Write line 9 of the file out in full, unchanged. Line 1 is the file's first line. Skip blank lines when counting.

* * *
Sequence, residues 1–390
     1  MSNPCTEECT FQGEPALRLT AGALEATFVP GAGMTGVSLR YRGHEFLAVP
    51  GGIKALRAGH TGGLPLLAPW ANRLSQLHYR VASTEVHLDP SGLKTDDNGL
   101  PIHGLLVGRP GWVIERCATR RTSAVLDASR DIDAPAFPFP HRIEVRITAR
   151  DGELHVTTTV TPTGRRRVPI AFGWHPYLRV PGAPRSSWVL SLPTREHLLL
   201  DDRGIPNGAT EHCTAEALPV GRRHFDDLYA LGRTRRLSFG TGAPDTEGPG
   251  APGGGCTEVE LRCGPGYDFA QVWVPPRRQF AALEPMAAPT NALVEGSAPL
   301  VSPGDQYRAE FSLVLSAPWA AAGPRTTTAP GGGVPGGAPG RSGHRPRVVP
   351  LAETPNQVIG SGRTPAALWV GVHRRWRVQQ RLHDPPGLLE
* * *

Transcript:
   351  LAETPNQVIG SGRTPAALWV GVHRRWRVQQ RLHDPPGLLE